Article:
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4 Years of Age

What to Expect at the 4-Year Well Visit:

  • Measles / mumps / rubella / varicella (MMRV) vaccine
  • DTaP / polio vaccine

See the full immunization schedule ›

Safety:

  • Falls are the most common type of injury.
  • Surfaces under play equipment should be soft enough to absorb a fall (safety mats, wood chips, sand) and be maintained to a depth of 9 inches.
  • Lock all doors to any dangerous areas. Use gates on stairways and window guards.
  • It is best to keep all guns out of the home. If you choose to keep a gun, it should be kept unloaded and in a locked place. Ask if the homes where your child visits have guns and how they are stored.
  • Make sure your water heater temperature is set to a maximum of 120° F.
  • Keep the Poison Control Number in your phone or readily available: 1-800-222-1222
  • Keep chemicals, medicines, and other poisons out of reach.
  • Refer to this handout for car seat information.
  • Use a sunscreen with an SPF of 30 or higher, reapplying every 2 hours, and avoid peak sun intensity of 10 am to 3 pm.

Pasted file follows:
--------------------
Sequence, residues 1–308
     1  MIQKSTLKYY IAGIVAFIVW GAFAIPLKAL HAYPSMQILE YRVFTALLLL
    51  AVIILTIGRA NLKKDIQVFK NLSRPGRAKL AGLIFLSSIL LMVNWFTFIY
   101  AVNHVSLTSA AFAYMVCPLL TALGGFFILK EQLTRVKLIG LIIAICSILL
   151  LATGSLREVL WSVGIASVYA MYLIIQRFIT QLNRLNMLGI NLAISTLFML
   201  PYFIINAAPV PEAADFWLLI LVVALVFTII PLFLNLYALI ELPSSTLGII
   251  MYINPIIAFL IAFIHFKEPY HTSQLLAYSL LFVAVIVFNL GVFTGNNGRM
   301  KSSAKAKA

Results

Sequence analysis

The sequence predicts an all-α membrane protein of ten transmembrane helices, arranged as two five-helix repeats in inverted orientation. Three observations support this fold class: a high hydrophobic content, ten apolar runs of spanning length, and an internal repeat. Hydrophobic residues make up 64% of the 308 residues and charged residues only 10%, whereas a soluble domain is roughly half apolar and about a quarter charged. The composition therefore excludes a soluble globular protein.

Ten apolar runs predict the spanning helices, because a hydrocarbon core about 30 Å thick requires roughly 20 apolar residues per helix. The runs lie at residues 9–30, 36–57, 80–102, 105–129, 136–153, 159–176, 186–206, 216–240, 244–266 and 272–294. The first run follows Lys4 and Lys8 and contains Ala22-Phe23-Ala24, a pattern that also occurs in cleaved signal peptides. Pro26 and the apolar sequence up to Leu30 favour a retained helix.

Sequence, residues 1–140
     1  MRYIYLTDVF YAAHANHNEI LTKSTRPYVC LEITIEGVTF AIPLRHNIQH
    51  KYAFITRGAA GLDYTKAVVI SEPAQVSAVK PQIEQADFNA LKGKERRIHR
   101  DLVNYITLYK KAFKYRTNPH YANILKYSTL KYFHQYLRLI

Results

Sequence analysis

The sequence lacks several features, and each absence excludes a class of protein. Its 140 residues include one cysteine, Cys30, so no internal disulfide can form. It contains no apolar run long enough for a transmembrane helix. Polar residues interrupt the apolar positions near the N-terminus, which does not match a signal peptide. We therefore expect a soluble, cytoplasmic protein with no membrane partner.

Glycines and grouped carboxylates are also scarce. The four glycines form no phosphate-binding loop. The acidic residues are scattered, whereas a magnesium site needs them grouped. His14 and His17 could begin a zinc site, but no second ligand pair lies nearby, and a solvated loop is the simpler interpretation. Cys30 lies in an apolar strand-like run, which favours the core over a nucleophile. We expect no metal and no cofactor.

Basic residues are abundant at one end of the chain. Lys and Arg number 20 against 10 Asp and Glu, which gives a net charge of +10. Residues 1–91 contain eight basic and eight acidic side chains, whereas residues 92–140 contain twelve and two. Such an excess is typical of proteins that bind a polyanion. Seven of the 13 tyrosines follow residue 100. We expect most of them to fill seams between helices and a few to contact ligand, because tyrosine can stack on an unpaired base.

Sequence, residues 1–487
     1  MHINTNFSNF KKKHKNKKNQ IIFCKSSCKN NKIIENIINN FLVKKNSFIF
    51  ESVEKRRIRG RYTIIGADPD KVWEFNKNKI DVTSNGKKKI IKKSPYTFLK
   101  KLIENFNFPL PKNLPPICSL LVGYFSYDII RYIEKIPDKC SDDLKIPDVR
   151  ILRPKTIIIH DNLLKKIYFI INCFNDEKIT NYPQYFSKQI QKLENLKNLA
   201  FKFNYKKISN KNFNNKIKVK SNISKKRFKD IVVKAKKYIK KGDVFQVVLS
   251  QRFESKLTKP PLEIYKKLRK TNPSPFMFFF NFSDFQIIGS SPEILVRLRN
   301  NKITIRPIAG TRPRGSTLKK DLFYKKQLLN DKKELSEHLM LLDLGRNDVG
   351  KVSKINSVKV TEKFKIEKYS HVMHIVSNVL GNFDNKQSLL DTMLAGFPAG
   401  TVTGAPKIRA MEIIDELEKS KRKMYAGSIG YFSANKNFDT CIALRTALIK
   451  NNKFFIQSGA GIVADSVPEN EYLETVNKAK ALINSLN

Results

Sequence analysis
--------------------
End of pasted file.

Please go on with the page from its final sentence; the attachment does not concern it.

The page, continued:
• AAP recommends insect repellents should be less than 30% DEET and used for infants 2 months old and older. Wash off skin with soap and water when done. Wash clothes before wearing again. Do not use combination DEET and sunscreen products. Apply permethrin for ticks to clothes, not to skin.

Development:

  • Speech is understandable to strangers.
  • Knows some basic rules of grammar, such as using “he” and “she.”
  • Can say first and last name.
  • Starts to copy some letters.
  • Hops, stands on one foot.
  • Uses scissors.
  • Would rather play with other children than alone.
  • Cooperates with other children.
  • Can tell a story or sing a song.

Diet:

  • Continue to make family mealtimes a priority.
  • Don’t expect children to “clean their plate” but offer appropriate portion sizes using smaller plates, bowels and cups. At this age they should be learning when they are full.
  • No television during mealtimes.
  • The best drinks are water and low fat milk. Your child does not need any juice, soda, or sports drinks
  • Teach table manners. Explain and model appropriate table manners for your child like not talking with your mouth full, using a napkin, asking politely for food to be passed. With supervision your child can start learning how to use a knife.
  • Have your child set the table or help in some other way with meal preparation.

Watch Out For:

  • Please notify your provider if your child is not understandable to others, has trouble scribbling, shows no interest in interactive games, or resists dressing, sleeping or using the toilet.